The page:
The house-cleaning continues at Florida A&M University after a student died in November following a hazing ritual involving members of the school's well-renown marching band.
FAMU president James Ammons, who previously announced he would retire in October, abruptly resigned Monday -- a month after the school's trustees passed a no-confidence motion regarding Ammons' performance by an 8-4 vote.
That brings the official tally in Tallahassee to this: The band is indefinitely suspended; former band director Julian White retired in March after a brief suspension; the 11 people facing felony charges and the two others arrested on misdemeanor counts in connection with drum major Robert Champion's death must stand trial.
But will there ever be true closure? That seems unlikely since the real problem is almost impossible to fix.
The nature of the scandals are drastically different, but there are parallels to be drawn between Penn State and FAMU as both schools attempt to salvage their reputations, realign their priorities and somehow reclaim the public's trust.
The officials in charge were more concerned about preserving the sanctity of their prized possession -- football and the marching band -- than the welfare of children and students. A toxic culture existed in both places that produced irreversible results.
But as we crucify these universities for their lack of decency, we need to be careful about assuming that what happened at FAMU and Penn State could never happen elsewhere.
The oversight issues uncovered in both places are widespread in college athletics. The NCAA can't fix those issues by imposing the death penalty on Penn State football and FAMU can't by banning its band permanently -- even though a strong case can be made that both programs deserve that fate.
And NCAA president Mark Emmert knows it.
"This is completely different than an impermissible benefits scandal like happened at SMU or anything else we've dealt with," Emmert told PBS' Tavis Smiley in an interview that aired Monday. "This is as systemic a cultural problem as it is a football problem."
Let's widen the lens. The Freeh report proved Joe Paterno was well aware that Jerry Sandusky -- who could spend eternity in prison and it wouldn't make up for the lives he ruined -- was suspected of child molestation in 1998 yet when assistant Mike McQueary told Paterno in 2001 that he witnessed Sandusky sexually assaulting a young boy in the shower, Paterno used his influence to discourage Penn State officials from going to the authorities.
Paterno's actions were inexcusable and exposed a level of self-preservation that was sickening.
But were his actions any different than Jim Tressel's?
Tressel knowingly broke NCAA rules for one simple reason: He wanted to win. He kept quiet about his Ohio State players -- including star quarterback Terrelle Pryor -- receiving improper benefits. He misled OSU's compliance officials about what he knew concerning his players' conduct, even though he had been tipped off that they were doing something wrong.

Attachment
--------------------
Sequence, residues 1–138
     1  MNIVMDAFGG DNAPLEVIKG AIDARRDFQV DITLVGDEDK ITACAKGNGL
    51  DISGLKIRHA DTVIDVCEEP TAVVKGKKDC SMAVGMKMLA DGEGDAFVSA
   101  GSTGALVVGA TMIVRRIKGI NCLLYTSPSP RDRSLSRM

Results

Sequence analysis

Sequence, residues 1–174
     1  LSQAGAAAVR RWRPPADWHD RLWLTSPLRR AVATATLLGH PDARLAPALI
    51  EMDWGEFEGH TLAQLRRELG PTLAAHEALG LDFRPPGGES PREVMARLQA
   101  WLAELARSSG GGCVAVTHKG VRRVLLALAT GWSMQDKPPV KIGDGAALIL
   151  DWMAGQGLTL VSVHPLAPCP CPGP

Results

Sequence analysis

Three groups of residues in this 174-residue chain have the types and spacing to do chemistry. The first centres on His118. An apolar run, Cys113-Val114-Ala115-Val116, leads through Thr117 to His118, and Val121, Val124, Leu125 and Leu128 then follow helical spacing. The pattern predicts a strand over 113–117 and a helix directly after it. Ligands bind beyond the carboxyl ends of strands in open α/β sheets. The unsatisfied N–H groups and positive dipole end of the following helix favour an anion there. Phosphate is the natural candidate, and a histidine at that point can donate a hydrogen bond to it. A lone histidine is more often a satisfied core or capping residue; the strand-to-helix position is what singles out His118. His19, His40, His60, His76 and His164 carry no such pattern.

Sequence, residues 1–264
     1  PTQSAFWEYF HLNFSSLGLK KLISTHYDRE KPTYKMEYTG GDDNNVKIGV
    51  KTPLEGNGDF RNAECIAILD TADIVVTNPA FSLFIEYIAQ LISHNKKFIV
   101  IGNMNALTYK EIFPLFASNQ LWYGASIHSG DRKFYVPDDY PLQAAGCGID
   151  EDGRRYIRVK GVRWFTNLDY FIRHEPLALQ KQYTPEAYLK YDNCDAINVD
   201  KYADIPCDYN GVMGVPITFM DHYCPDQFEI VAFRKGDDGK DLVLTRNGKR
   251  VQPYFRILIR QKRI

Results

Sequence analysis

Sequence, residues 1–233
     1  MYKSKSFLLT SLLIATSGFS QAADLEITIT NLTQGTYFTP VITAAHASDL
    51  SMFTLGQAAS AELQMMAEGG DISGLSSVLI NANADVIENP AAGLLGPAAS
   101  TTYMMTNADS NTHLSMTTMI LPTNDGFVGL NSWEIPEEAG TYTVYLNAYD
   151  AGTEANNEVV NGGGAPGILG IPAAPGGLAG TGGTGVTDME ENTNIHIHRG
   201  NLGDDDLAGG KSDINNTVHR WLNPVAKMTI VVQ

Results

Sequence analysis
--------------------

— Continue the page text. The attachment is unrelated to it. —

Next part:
Receiving free tattoos isn't on the same level as disregarding abused children, but if big-time NCAA coaches are willing to lie about the little things, Paterno has shown what some of them will do when faced with a bigger test.
It's not just coaches, but administrators, athletic directors and college presidents too. It's all a part of an enabling culture that time and again covers up the worst behavior.
The Associated Press reviewed hundreds of pages of records involving the FAMU marching band, which revealed that the band had been repeatedly warned about hazing and that, since 2007, nearly two dozen incidents involving the band, fraternities and other student groups had been investigated.
Many of those emails were sent to Ammons from concerned parents of band members. One parent wrote Ammons that his son left FAMU after two years and struggled with personal problems.
"It was the worst decision in his life to go to FAMU," the parent wrote to Ammons.
That was in 2007 -- four years before Champion's death.
Considering that FAMU's band has performed for U.S. presidents, at Super Bowls and on other grand stages, it was frighteningly convenient to dismiss those parents who feared for their children's safety.
Let the band play on. Keep the checks coming.
It also must have been easy in 2008 for University of Miami president Donna Shalala to accept a $50,000 check from shady booster Nevin Shapiro, who had reportedly challenged Miami's compliance director to a fight in the Orange Bowl press box in 2007, and not ask too many questions about the booster's relationship with Miami's football team, which allegedly included providing a multitude of players with improper benefits.
There will always be debate over how severely schools should be punished for their misdeeds and corruption. The NCAA is somewhat equipped to handle that kind of micro problem, but what can they really do to attack the macro issues -- namely the rampant deference to powerful teams (and bands) even in the face of immorality?
Penn State just might be the worst scandal in college sports history. But is it the worst, or just the latest?